Rebel attacks threaten Kabul

TIM McGIRK

Islamabad

Taliban, the Islamic student militia, fought its way closer to Kabul yesterday, capturing several strategic positions in the hills outside the battered Afghan capital.

The Taliban students are no longer armed only with the Koran. Supported by tanks, artillery and renegade fighter- pilots flying MiGs, they have spread Islamic rule over the southern half of the war-weary country. They have vowed to lay siege to Kabul, if President Burhanuddin Rabbani does not step down.

Foreign aid agencies in Kabul say the Taliban has seized two key positions, Charasiab and the Kaldabad hills, over the past two days. These new Taliban outposts are only 12 miles south of Kabul, enabling the militia to strike the capital with rockets, a fate Kabul's citizens have endured several times over the past three years of fighting between government forces and rebels.

After pin-pointing the Taliban's new strongholds with reconnaissance flights two days ago, the government struck back yesterday with a barrage of rockets on the attackers. An aid worker said: "It sounded like a thousand rockets were fired into the hills south of Kabul." The Taliban is advancing along the southern route from Mohamed Agha, but will soon run into a ring of artillery and tank defences around Kabul.

"So far, Kabul's been quiet. No rockets have fallen on the city yet, but it sounds like there's plenty of fighting outside, and it's getting closer," a relief worker said. Residents of the shattered city have rarely experienced a month without rocket attacks, so the Taliban's advance has not yet caused panic. "It's probably safer if people remain in Kabul, at least until they know who controls the surrounding countryside," the relief worker added.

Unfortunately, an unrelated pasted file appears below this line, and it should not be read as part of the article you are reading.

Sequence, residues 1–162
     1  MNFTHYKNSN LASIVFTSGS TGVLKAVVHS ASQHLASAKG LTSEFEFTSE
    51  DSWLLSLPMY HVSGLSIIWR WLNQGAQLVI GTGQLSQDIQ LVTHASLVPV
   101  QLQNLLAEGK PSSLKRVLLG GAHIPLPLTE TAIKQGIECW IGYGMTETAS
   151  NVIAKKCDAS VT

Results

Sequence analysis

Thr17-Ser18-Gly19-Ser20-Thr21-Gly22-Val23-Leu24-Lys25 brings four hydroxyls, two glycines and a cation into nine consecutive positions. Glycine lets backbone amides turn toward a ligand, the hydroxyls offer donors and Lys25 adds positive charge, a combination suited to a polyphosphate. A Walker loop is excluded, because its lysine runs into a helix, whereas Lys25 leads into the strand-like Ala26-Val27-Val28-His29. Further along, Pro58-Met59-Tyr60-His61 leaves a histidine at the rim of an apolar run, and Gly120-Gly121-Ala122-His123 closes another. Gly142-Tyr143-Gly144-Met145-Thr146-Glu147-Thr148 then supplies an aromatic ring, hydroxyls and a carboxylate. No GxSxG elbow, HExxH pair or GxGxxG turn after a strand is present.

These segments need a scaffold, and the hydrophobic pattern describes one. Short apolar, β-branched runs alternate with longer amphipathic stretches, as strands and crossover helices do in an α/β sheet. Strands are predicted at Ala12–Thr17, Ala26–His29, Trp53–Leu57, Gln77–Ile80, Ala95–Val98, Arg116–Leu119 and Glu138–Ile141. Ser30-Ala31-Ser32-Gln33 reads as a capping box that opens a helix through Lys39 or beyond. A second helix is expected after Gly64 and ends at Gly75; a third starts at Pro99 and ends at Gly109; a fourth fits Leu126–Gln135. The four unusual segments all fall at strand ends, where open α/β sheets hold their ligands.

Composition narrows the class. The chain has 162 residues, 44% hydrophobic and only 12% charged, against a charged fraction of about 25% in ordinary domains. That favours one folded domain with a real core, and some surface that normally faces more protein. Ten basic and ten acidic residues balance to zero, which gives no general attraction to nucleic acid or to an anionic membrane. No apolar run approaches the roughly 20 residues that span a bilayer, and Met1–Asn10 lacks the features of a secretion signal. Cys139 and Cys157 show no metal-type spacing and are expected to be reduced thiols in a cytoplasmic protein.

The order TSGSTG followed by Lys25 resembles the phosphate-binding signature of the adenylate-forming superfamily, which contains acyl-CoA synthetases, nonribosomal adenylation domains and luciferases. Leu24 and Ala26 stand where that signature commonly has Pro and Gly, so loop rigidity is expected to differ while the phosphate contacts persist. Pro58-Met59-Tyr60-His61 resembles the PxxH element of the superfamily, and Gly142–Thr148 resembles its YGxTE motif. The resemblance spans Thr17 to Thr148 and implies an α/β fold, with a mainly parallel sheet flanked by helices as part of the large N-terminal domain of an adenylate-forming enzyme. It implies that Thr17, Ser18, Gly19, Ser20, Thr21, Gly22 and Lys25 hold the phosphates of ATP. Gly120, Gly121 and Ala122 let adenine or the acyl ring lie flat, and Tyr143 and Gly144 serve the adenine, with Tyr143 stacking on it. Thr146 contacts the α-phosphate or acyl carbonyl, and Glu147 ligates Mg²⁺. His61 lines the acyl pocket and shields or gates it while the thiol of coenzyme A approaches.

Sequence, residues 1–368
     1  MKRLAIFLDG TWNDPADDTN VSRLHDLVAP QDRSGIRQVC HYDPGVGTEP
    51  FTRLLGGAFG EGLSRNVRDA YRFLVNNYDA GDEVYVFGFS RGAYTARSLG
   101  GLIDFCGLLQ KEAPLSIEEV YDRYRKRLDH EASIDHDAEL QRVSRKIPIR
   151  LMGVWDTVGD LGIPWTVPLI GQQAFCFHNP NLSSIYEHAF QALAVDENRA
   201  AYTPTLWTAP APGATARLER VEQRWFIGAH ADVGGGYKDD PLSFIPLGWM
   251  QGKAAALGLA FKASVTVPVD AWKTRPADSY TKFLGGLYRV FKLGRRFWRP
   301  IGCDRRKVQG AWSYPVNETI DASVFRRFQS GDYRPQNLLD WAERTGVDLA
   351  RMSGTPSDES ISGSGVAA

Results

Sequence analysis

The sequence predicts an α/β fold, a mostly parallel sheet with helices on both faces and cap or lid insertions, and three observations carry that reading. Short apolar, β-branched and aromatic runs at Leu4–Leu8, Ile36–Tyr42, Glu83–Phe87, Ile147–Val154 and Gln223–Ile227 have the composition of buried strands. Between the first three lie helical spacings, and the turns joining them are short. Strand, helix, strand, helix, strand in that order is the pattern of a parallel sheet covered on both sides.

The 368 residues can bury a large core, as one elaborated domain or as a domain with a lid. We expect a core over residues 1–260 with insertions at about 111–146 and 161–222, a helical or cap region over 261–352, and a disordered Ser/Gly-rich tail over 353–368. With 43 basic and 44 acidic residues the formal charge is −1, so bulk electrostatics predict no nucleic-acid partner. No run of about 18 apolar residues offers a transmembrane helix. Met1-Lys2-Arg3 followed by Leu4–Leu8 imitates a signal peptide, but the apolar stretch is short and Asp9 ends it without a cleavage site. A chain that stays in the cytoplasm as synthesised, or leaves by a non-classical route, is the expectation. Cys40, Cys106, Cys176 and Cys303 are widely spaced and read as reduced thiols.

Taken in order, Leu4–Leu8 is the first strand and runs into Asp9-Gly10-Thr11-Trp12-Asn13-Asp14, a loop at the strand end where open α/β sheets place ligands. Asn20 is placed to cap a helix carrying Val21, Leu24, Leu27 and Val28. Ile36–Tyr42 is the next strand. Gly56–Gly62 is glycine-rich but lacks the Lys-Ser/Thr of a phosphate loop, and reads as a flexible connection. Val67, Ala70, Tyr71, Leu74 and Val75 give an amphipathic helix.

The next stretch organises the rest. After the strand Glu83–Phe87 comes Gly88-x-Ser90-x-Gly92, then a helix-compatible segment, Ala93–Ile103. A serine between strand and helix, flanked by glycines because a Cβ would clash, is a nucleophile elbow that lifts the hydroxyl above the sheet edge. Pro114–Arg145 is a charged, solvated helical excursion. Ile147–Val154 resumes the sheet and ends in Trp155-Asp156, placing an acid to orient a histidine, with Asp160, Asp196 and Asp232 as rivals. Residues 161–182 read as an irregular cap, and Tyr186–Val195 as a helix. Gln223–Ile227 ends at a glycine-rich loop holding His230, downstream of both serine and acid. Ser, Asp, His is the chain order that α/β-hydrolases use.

The assault is the Taliban's second on Kabul. The militia was within a few miles of the capital last spring, but was routed by government forces under the acting defence minister, Ahmed Shah Masood. The odds have shifted since then. Although the Taliban earlier refused to deal with any of the warring regional commanders who have splintered the country following the defeat of the pro-Soviet regime in 1992, the Islamic students now have pacts with all Mr Rabbani's enemies, including an ex-Communist general, Rashid Dostum. From his fortress headquarters near the northern Uzbek border, General Dostum reportedly is ready to hurl his Russian-made fighter planes into the Taliban siege of Kabul.

The government also accuses Pakistan of supplying the Taliban with military advisers and weapons. Pakistan wants to open a trade route through Afghanistan into the new Central Asian republics.

On 5 September the Taliban overran the eastern city of Herat, held by a Rabbani ally. Herat's warlord paid his militiamen only pounds 3 a month, and they surrendered rather than fight the Taliban. Kabul may not fall so fast. Government troops are better paid, loyal and heavily armed. Past experience shows they have no qualms about firing on Koran-wielding warriors.

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